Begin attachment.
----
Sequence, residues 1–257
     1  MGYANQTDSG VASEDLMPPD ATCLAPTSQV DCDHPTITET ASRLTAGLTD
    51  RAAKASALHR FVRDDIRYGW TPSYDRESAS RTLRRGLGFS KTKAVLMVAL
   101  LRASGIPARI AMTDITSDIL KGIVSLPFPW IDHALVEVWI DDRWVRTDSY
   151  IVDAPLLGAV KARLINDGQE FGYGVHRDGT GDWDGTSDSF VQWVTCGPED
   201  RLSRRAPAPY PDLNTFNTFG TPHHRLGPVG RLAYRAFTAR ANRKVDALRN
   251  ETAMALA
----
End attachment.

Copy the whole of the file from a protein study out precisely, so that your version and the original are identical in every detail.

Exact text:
Sequence, residues 1–257
     1  MGYANQTDSG VASEDLMPPD ATCLAPTSQV DCDHPTITET ASRLTAGLTD
    51  RAAKASALHR FVRDDIRYGW TPSYDRESAS RTLRRGLGFS KTKAVLMVAL
   101  LRASGIPARI AMTDITSDIL KGIVSLPFPW IDHALVEVWI DDRWVRTDSY
   151  IVDAPLLGAV KARLINDGQE FGYGVHRDGT GDWDGTSDSF VQWVTCGPED
   201  RLSRRAPAPY PDLNTFNTFG TPHHRLGPVG RLAYRAFTAR ANRKVDALRN
   251  ETAMALA